Festival focus shifts from mosh pit to posh pit

By Simon Atkinson
Business reporter, BBC News, Cheltenham

  • Published
Wychwood Festival scene

Between the tents, two young lads kick around a red and white inflatable beach ball, branded with the name of a broadsheet newspaper.

Before long, as with boys everywhere, they begin to commentate on their match - but despite building World Cup fever, there is no mention of Wayne Rooney or Frank Lampard here.

"You be Jamie Oliver," says one, carefully lining up a shot. "And I'll be Gordon Ramsay."

This fleeting exchange sums up much of the atmosphere at the Wychwood Festival at Cheltenham racecourse - primarily a music event but where the bigger queues are for the 'Make your own smoothie' sessions held by Waitrose (whose cocktail bar also does swift business) and those waiting to scrub away the dried-on sunscreen at the Posh Wash showers.

Stately alternative

Now in its sixth year, Wychwood is one of a handful of festivals unashamedly catering for the more affluent, family-focussed festival goer.

And enjoying the sunshine outside the Pimm's bus, civil servant Steve Mead, who is here with his wife, son and daughter, admits a more typical weekend would have included visiting a stately home or a theme park.

"With festivals you tend to think of Glastonbury, Isle of Wight and mud. You don't think of bringing the family along but this is very clearly family-orientated," he says.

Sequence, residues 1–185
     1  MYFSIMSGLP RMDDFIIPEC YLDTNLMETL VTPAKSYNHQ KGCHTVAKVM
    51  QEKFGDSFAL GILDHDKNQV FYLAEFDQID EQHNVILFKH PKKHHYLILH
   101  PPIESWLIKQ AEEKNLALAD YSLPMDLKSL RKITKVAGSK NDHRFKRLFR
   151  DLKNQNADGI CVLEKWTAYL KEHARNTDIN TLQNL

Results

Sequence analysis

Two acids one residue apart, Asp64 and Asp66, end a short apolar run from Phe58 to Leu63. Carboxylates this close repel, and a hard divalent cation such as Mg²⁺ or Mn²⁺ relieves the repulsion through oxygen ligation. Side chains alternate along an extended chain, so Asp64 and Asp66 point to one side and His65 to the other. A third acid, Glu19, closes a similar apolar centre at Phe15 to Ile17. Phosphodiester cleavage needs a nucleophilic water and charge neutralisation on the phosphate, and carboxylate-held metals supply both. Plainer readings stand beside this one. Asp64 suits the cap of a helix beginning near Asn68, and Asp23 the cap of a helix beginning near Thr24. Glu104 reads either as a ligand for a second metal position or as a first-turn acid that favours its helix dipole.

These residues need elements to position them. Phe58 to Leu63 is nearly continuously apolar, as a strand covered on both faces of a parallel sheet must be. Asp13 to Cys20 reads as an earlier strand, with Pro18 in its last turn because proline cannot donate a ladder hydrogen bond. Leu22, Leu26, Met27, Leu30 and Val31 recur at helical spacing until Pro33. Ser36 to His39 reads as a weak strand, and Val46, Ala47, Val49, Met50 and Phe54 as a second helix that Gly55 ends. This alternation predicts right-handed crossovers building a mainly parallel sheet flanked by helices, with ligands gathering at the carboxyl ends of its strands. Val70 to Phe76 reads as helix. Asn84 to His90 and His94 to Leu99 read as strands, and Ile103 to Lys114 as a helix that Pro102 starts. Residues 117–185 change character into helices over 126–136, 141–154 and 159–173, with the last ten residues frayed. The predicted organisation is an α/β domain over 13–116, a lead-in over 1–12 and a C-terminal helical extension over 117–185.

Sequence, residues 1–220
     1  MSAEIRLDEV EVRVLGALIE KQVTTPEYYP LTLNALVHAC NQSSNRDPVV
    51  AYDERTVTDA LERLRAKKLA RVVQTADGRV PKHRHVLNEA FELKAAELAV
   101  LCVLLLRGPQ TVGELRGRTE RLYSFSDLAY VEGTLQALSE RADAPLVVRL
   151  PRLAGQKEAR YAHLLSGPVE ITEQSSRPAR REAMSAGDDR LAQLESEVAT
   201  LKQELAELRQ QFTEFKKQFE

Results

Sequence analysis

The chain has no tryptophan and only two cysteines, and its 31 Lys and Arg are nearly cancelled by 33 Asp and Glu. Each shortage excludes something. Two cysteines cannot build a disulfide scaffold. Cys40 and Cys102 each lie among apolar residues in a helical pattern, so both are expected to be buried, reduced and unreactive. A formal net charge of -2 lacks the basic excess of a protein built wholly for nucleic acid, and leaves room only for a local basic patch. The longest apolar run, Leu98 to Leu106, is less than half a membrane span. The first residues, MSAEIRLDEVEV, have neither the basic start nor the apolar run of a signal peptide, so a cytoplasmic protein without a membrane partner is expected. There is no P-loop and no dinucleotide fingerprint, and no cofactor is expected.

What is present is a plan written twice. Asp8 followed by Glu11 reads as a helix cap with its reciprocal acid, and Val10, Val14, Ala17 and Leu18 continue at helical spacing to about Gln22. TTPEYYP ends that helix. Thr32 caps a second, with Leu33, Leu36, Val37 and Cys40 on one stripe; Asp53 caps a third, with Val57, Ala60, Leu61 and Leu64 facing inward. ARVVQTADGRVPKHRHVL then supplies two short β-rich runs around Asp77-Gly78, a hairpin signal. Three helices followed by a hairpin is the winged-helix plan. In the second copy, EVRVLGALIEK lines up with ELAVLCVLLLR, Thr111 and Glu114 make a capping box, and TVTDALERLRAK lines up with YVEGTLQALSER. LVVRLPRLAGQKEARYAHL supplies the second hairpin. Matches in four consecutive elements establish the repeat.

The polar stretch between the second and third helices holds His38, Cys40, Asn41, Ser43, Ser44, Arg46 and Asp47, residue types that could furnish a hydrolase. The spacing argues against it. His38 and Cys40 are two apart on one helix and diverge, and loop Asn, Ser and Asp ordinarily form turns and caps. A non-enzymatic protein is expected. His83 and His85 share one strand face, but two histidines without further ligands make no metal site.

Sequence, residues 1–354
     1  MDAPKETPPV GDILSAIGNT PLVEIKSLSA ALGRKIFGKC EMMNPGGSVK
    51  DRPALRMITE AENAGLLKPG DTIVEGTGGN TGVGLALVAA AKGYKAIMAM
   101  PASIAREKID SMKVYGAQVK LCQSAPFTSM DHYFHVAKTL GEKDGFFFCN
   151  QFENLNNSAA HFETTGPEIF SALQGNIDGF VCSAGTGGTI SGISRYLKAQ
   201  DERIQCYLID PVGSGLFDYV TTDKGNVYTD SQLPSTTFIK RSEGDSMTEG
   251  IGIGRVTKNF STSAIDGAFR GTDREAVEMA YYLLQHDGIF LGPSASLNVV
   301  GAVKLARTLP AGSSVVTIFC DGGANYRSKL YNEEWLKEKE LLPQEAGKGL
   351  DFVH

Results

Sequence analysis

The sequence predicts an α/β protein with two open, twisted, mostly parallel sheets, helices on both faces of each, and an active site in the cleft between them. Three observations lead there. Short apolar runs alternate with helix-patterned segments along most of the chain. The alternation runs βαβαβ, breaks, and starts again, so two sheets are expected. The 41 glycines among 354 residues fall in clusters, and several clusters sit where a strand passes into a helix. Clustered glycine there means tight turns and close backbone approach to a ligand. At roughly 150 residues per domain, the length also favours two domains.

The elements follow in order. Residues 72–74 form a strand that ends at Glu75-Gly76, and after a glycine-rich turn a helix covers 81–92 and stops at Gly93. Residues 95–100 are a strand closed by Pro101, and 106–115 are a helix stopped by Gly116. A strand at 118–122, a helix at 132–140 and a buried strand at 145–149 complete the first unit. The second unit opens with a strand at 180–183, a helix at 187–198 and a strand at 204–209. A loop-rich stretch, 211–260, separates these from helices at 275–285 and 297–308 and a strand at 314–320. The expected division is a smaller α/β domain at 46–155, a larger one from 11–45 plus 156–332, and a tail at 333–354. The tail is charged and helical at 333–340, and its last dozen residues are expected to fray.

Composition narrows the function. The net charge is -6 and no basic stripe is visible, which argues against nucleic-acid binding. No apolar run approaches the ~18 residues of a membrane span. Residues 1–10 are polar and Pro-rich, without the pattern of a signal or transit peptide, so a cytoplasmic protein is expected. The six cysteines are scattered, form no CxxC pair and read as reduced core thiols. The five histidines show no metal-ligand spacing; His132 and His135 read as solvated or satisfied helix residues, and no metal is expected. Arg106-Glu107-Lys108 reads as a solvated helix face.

"The facilities are good and the parking is good. It shows you're old when you think about parking when you come to a festival."

For all the upmarket facade - there are still plenty of elements of the traditional festival - from the stalls selling hats, flags and temporary tattoos to the stage for new unsigned bands.

And despite the clean, family image, it takes just half an hour for another experience familiar to fans of bigger, more mainstream festivals - when a couple of slightly shifty looking blokes with Scouse accents wander by, offering to sell some cannabis.

Image caption,
Firms are tapping into the demand for more upmarket facilities.

Dominique Woolley, 33, is a veteran of music festivals, but it is the first such outing for six-month-old daughter Mya.

"It's a bit posher than I'm used to. There are clean toilets for one thing," she says.

"I used to be a bit of a music geek and write down all the bands I wanted to see, but with a baby you just have to go with the flow a bit so this is great for us."

'Quite expensive'

Families are at the heart of its target audience - to the extent that the dates are chosen to coincide with half-term holidays, says festival director Graeme Merifield.

But he accepts that it is also has a "middle class feel" - perhaps because of the costs of attending a festival.

"When we started off I thought it would appeal to a broad audience," he says.

Image caption,
"Sorry love, we don't do bitter"

"The problem is that festivals are quite expensive and unfortunately that knocks out quite a lot of people who cannot afford to come."

Efforts to widen the demographic have included trialling reduced price tickets for teenagers and making camping an optional extra.

"It would be great if we could find a way of extending it to more people," Mr Merifield says, though adds that tickets for two adults with a couple of young kids cost about £260 for a full weekend of entertainment, "which I'd say was pretty good value".

Poetry in motion

Wychwood is almost certainly not the UK's most upmarket festival - an honour most in the industry say belongs to Cornbury, which, given its volume of advertising here, presumably feels there is plenty of crossover in the two audiences.